As Schools Reopen In Florida, 9,000 Kids Diagnosed With COVID-19

by San Eli News

In hot spots like Florida, the amount of children getting diagnosed with COVID-19 is only rising — especially as schools are beginning to be back in session.

In the latest data, Florida reported 8,995 new cases of COVID-19 in children over a two-week period this month — right as schools were beginning to reopen.

After Florida Schools Reopen 9,000 Kids Catch COVID-19
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It serves as a reminder of how children are not completely immune to the virus.

The jump happened over a 15-day period in the middle of school reopening and was first called out by political website The Hill which compared the numbers from an August 9 report to one issued this past Monday.

Typically, schools in Florida reopen during the first week in August but many districts around the state chose to delay.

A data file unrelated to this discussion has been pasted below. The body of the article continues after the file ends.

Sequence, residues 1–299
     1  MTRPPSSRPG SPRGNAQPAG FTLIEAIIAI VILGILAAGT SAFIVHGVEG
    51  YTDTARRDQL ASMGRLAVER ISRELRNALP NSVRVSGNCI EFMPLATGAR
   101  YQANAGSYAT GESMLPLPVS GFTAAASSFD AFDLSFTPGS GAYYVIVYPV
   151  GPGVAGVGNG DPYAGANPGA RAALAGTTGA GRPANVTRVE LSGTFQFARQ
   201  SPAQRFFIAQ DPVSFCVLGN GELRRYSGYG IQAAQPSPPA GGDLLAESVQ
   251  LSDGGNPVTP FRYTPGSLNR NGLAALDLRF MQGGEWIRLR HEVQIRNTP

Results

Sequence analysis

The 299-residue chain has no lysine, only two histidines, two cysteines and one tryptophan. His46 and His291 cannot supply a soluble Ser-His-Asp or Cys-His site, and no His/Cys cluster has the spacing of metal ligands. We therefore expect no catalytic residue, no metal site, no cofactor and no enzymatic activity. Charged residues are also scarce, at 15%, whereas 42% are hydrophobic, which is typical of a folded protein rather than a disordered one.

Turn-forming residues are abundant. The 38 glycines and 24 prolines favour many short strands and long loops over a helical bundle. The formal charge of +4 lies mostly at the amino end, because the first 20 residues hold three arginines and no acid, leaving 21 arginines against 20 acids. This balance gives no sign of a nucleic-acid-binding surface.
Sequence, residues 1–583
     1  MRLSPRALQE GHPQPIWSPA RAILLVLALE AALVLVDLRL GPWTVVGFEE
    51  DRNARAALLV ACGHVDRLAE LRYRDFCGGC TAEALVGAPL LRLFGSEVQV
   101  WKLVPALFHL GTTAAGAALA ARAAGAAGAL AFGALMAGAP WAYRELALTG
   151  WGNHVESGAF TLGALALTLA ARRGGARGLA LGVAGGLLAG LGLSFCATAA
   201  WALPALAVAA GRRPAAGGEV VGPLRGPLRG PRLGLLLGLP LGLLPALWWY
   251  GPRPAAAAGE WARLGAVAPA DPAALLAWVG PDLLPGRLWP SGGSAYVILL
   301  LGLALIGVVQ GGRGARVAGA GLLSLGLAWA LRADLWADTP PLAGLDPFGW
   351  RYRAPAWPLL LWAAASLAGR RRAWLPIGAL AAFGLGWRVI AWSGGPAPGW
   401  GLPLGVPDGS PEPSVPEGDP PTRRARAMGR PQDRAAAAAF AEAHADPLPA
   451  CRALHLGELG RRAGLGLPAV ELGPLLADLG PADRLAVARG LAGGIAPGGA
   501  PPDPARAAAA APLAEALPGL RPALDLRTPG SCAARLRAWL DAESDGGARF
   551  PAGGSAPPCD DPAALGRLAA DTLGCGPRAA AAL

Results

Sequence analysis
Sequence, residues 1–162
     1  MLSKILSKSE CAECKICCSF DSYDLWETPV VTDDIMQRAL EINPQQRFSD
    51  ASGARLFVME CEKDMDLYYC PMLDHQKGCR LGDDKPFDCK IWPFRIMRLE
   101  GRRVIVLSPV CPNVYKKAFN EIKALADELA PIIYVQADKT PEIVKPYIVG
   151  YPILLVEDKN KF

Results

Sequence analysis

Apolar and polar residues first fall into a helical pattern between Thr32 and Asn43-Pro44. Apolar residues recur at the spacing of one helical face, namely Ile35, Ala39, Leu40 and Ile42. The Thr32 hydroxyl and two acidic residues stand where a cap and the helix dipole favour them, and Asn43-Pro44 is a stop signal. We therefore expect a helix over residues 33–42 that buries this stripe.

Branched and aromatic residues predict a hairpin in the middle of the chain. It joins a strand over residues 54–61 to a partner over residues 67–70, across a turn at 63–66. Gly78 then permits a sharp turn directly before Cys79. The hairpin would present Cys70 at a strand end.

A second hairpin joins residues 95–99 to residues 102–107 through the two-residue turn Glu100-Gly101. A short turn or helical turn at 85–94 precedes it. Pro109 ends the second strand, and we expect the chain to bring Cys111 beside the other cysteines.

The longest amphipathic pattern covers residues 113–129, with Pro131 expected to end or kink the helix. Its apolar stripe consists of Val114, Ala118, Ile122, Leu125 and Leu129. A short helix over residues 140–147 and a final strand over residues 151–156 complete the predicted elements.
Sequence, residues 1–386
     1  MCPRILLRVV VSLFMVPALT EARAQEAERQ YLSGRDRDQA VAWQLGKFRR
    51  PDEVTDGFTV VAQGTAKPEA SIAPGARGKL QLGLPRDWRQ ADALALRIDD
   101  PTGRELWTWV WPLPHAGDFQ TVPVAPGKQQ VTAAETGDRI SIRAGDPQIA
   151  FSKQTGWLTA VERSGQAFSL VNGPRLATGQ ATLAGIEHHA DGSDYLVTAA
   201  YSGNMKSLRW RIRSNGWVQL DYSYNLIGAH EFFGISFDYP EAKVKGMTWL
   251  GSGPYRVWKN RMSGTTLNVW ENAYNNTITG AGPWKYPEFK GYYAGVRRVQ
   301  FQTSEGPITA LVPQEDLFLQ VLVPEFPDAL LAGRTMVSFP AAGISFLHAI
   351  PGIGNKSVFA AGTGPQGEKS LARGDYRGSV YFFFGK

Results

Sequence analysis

After Florida Schools Reopen 9,000 Kids Catch COVID-19
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That being said, it may be too soon to determine just how many of them could directly come from schools reopening. It is safe to say that the rise in child infections is worrisome.

And when it comes to the breakdown among age groups, the FDH reported 17,311 cases among minors ages 14 to 17, 8,248 cases among 11- to 13-year-olds, 12,946 cases among kids aged 5 to 10, 7,616 cases among 1- to 4-year-olds and 2,609 cases among children less than 1.

In addition, the total number of hospitalizations among children with coronavirus-related symptoms in Florida also rose from 436 to 602 during the 15 days, and one child died.

After Florida Schools Reopen 9,000 Kids Catch COVID-19
Image via Shutterstock

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So far, there have been a total of 48,730 cases of children with COVID-19.

Florida Gov. Ron DeSantis approved an emergency order penned by Florida Education Commisioner Richard Corcoran, who ordered all schools to reopen for in-person classes in August, despite a surge in coronavirus cases. The state also threatened to withdhold financial aid to most school districts who did not open classrooms by August 31.

And this past week, a judge ruled in favor of the teachers — granting a temporary injunction against the order.